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From the business standpoint, the organization needs to be able to measure some degree of efficacy in its training it provides to employees. Training is very expensive and it needs to provide a return that exceeds that expense, both qualitatively and quantitatively. And while training seems intuitively a smart thing to do, it is very hard to show meaningful changes in performance post training. Companies rarely test (many have questions you have to answer but the scores don't seem to go anywhere) the employee after training and I have never seen anyone weeded out of employment because of failing a training class. So correlating pre- and post-performance with training is near impossible.

Further, the types of tasks employees do range from tactical to strategic, with tactical being more prevalent at the lower rank employees and moving more strategic as one climbs the organization. An employee at whatever rank in the organization needs to have the proper knowledge, skills, and abilities to execute the mission of his/her role. At the lower ranks, where tactical tasks are more prevalent, having deep understanding of the domain, the industry, and the big picture may be a nice to have but may do nothing to move performance. At the higher ranks, where one needs to be more strategic, this would come in to play, but it is also expected that this person would already have more knowledge of the domain, industry, and the bigger picture.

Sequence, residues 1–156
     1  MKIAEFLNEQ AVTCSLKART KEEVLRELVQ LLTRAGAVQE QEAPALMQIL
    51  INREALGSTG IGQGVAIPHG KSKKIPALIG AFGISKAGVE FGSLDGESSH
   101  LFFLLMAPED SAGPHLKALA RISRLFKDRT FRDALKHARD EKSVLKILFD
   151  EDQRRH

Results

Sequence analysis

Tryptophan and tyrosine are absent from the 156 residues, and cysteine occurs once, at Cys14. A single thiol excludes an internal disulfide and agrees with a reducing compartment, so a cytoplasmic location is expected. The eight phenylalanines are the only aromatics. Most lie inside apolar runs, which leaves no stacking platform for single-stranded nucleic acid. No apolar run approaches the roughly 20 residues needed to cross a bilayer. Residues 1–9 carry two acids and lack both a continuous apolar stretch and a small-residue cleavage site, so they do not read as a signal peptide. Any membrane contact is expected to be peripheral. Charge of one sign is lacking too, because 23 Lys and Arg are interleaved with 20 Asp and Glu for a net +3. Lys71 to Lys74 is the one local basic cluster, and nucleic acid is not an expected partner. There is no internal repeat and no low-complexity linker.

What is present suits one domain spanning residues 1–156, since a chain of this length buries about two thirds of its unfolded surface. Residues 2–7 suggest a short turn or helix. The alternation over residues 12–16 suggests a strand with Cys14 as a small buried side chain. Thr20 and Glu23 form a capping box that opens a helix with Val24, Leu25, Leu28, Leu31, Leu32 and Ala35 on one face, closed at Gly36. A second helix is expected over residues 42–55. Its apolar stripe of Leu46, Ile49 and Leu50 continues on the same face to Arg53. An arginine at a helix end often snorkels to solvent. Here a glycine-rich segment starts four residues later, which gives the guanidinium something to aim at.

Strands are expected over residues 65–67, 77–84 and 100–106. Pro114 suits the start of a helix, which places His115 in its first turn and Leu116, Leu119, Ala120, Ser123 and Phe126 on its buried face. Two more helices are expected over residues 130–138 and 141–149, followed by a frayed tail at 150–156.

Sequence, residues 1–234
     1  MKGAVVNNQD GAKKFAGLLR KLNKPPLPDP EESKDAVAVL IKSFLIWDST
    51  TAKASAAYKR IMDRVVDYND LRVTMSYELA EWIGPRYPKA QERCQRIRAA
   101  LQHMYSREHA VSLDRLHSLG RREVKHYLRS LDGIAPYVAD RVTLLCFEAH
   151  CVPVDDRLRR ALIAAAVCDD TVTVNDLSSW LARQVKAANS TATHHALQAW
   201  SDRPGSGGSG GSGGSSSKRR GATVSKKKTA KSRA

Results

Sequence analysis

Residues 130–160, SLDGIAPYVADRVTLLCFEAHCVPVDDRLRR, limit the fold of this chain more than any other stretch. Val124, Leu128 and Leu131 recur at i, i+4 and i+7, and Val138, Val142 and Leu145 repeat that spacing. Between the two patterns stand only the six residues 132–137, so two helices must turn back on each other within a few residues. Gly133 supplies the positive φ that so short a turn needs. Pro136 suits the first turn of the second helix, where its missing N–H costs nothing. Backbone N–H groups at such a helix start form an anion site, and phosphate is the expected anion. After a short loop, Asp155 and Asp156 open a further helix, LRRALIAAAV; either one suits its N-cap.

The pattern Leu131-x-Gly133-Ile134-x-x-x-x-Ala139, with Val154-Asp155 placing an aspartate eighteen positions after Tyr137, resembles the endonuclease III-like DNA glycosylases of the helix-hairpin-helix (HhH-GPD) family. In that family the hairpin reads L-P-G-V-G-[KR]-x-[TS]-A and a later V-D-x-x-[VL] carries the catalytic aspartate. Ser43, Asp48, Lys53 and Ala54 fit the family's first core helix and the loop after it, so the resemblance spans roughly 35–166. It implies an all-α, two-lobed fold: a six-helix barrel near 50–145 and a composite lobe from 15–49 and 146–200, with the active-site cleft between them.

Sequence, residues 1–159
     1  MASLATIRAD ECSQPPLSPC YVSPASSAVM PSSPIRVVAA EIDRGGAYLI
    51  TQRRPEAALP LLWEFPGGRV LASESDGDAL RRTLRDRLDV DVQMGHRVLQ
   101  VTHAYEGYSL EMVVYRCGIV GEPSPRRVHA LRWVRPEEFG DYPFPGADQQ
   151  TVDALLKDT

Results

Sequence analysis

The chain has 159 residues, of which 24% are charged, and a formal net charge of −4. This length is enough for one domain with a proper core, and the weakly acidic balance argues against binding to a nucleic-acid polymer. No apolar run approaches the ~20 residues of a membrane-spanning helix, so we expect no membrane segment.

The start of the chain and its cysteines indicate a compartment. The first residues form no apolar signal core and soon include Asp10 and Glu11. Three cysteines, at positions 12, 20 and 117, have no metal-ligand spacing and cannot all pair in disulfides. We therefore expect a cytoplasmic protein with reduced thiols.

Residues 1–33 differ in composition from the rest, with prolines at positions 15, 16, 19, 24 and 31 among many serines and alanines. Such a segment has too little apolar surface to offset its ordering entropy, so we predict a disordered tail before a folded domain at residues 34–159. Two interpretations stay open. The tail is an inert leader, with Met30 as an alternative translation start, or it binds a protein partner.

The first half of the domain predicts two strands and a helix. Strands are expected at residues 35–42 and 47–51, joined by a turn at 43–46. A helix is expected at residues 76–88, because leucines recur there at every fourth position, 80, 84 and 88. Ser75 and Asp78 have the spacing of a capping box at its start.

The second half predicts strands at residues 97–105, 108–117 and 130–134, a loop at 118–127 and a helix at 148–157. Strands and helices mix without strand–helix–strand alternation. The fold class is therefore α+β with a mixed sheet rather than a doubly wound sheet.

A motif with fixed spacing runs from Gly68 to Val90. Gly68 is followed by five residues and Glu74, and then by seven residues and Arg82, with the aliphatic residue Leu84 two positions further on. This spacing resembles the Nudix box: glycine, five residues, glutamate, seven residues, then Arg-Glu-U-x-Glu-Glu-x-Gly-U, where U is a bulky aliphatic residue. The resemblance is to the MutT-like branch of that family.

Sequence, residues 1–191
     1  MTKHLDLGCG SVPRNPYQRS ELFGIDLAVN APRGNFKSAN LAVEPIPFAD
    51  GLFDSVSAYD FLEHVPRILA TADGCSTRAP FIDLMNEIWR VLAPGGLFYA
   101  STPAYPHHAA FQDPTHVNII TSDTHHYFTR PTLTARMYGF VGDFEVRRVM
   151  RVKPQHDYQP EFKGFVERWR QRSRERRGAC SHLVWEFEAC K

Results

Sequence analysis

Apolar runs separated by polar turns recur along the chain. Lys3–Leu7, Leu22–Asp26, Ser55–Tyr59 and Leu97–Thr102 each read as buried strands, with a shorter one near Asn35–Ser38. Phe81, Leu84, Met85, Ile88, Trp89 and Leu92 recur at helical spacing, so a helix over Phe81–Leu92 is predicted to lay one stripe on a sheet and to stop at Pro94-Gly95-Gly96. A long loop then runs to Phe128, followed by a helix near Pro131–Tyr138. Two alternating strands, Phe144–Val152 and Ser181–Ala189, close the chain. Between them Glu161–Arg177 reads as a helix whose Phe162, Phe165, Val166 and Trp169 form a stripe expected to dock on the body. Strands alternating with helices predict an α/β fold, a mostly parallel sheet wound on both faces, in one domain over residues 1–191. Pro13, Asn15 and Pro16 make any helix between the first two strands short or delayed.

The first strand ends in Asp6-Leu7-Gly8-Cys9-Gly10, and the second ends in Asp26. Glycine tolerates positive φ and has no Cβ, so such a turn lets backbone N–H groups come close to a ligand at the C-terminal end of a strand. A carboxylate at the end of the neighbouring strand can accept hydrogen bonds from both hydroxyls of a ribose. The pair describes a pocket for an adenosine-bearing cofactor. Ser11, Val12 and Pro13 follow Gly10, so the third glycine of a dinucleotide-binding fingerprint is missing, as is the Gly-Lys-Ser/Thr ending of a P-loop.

This doesn't come across to me as a need to know, secret thing. It seems more like a smart business decision, spend where you have measurable return.

  • So far I'm choosing this as the most appropriate answer. It is the one that best addresses the original question as to what is the rationale. I did like the reply by OSFox as well and he brings many interesting points. – Jose Cifuentes Jun 17 '15 at 14:44